Woman who mistreated dogs and ignored AVA order sentenced to 10 days' jail and $3,100 fine

Chng Leng Khim was sentenced to 10 days' jail for not taking her three dogs to the vet for treatment and causing them unnecessary suffering.
Chng Leng Khim was sentenced to 10 days' jail for not taking her three dogs to the vet for treatment and causing them unnecessary suffering. ST PHOTO: WONG KWAI CHOW
Photo of chow chow taken during AVA’s investigation (top left) and shortly before re-homing (top right). Photo of poodle taken during AVA's investigation (bottom left) and before re-homing (bottom right).
Photo of chow chow taken during AVA’s investigation (top left) and shortly before re-homing (top right). Photo of poodle taken during AVA's investigation (bottom left) and before re-homing (bottom right).PHOTO: AVA FACEBOOK PAGE

SINGAPORE - A dog owner who did not take her three unwell dogs to a veterinarian for treatment, causing them unnecessary suffering, was on Tuesday (Feb 23) sentenced to 10 days' jail.

Chng Leng Khim, 43, who had kept her dogs without a valid licence, and failed to comply with an order by the Agri-Food and Veterinary Authority (AVA) to help in its investigations, was also fined $3,100.

She pleaded guilty two weeks ago to two charges of animal cruelty, two counts of keeping a dog without a licence, and a charge of failing to comply with an AVA order.

Another count of animal cruelty and another charge of keeping a dog without a licence, were considered in sentencing.

At a sentencing hearing last Friday (Feb 19), however, Chng told the court that she wanted to retract her guilty plea. Her lawyer also applied to discharge himself.

The hearing was then adjourned to give a second lawyer, whom Chng had engaged, time to prepare for sentencing submissions and Chng's mitigation plea.

But on Tuesday (Feb 23), Chng again told the court that she wanted to retract her plea of guilt. Her second lawyer also applied to discharge himself.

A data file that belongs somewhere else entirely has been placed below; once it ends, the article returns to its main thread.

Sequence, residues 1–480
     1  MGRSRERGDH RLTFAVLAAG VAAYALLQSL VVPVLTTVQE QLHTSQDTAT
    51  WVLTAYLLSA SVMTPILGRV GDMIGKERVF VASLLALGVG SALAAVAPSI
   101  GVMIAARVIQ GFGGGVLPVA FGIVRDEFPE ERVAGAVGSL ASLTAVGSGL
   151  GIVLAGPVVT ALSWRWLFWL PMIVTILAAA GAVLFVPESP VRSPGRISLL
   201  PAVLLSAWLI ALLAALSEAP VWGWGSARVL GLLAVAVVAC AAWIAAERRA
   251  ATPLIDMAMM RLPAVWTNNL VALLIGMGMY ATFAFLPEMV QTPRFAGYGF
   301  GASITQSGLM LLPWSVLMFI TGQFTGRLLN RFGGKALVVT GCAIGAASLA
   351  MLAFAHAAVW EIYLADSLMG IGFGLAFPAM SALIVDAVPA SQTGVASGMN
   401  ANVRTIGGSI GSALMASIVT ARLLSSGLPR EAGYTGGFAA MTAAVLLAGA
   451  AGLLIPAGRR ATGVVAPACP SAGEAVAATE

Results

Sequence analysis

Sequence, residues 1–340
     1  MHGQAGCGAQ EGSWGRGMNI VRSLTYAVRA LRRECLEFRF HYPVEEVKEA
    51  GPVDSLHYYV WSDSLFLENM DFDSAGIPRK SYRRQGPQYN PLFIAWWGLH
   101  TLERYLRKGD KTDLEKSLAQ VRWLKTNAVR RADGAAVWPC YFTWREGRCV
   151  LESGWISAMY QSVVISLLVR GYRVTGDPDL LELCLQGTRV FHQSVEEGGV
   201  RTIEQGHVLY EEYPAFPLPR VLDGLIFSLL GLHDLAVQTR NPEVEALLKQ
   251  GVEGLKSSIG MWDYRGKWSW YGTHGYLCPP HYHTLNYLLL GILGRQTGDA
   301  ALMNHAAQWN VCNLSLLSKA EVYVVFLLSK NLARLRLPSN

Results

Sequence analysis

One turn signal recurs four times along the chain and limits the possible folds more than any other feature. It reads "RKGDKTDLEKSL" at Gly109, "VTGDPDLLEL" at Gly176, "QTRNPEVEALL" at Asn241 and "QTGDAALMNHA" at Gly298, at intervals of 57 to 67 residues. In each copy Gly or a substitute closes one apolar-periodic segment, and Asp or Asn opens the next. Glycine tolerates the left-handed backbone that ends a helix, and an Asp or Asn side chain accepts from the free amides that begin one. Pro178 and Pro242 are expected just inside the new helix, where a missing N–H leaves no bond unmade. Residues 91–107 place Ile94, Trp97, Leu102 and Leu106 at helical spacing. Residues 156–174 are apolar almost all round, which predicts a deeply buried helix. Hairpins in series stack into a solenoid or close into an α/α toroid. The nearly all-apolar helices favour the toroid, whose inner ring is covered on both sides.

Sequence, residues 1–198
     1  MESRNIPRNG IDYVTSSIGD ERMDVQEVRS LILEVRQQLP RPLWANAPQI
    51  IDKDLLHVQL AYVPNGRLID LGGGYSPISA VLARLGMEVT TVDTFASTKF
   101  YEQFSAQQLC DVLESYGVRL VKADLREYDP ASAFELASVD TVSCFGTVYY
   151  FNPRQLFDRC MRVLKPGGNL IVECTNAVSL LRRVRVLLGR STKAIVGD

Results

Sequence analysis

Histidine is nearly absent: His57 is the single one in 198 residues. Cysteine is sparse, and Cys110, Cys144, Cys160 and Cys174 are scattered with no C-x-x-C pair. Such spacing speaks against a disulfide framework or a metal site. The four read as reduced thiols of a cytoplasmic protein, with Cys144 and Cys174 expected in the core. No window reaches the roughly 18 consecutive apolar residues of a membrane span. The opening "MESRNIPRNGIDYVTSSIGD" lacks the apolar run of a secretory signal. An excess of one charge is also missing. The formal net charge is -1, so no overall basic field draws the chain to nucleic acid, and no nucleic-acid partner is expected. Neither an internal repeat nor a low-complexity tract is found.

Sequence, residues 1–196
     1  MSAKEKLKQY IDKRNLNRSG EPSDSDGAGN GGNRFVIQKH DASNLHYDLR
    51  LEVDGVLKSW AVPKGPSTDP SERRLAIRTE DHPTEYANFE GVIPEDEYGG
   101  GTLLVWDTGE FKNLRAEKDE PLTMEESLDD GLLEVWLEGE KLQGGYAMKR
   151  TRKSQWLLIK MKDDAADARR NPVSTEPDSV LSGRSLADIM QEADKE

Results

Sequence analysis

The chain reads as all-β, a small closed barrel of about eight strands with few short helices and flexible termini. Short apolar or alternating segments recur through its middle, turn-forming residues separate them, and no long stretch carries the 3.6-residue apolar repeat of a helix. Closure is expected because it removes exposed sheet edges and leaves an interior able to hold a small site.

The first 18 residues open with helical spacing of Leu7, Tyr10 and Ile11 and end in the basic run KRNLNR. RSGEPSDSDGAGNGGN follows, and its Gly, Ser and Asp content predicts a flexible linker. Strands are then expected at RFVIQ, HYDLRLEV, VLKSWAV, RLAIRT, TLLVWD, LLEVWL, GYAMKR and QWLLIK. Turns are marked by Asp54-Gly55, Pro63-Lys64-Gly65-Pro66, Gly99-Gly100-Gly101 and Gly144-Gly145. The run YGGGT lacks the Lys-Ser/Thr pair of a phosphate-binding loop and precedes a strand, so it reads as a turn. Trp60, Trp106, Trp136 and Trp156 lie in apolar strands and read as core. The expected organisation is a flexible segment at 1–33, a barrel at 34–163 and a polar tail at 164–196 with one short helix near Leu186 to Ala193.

District Judge Hamidah Ibrahim did not accede to Chng's request on both occasions, noting that she had understood the nature and consequences of her plea of guilt.

The court had earlier heard that Chng moved out of her Paya Lebar Crescent landed home in June 2013, along with her three children, after she stopped paying rent of $1,500 a month.

She left behind a five-year-old bull mastiff and chow chow, which were found by the landlord in the house two days later. Both were thin and unwell, infested with ticks, and surrounded by their urine and faeces.

Chng's eight-year-old poodle was also found near her former home the day she moved out. It was traced back to her through a microchip, but attempts made by the Society for the Prevention of Cruelty to Animals to contact her were unsuccessful.

The poodle was severely emaciated, malnourished and tick-infested. Its fur was severely matted and even bald in some areas. It also suffered from a severe urinary infection, among other ailments.

An AVA veterinarian found the home to be "filthy and not well-ventilated", with all the windows and doors closed. The floor was also filled with faeces and urine, and there was no sign of food or water.

The chow chow and poodle were rehomed to Voices for Animals. But the bull mastiff's condition deteriorated in November 2013 and it was euthanised two months later because of a failing heart and other conditions.

On June 20, 2013, AVA officers met Chng at Ang Mo Kio Police Division. She denied abandoning her dogs, and agreed to turn up at AVA's Centre for Animal Welfare and Control at a later date. But she did not do so and did not answer the AVA's calls.

The next month, at the same police station, she acknowledged a letter requiring her to give a statement to the AVA at its premises, but she never complied with it.

Chng, who has not had a permanent home since moving out in June 2013, remained out of contact until March last year, when a warrant of arrest was issued. She was arrested on June 30.

Deputy Public Prosecutor Tan Yanying urged the court to impose at least two weeks's jail and a fine of $4,000.

She said the increasing prevalence of animal cruelty offences warranted a deterrent sentence. Within the last five years, she noted, the number of such cases handled by the AVA has surged by more than 65 per cent.

The DPP also pointed out that the Animals and Birds Act has been amended to stiffen penalties for causing unnecessary pain or suffering to an animal. With effect from Jan 16 last year, the maximum punishment for first time offenders is 18 months' jail and a $15,000 fine.

Chng is out on bail of $10,000, pending an appeal. For causing unnecessary suffering to an animal, she could have been jailed for 12 months and fined $10,000. For failing to comply with an AVA order, she could have been jailed for six months and fined $10,000.

For keeping a dog above three months old without a licence, she could have been fined $5,000.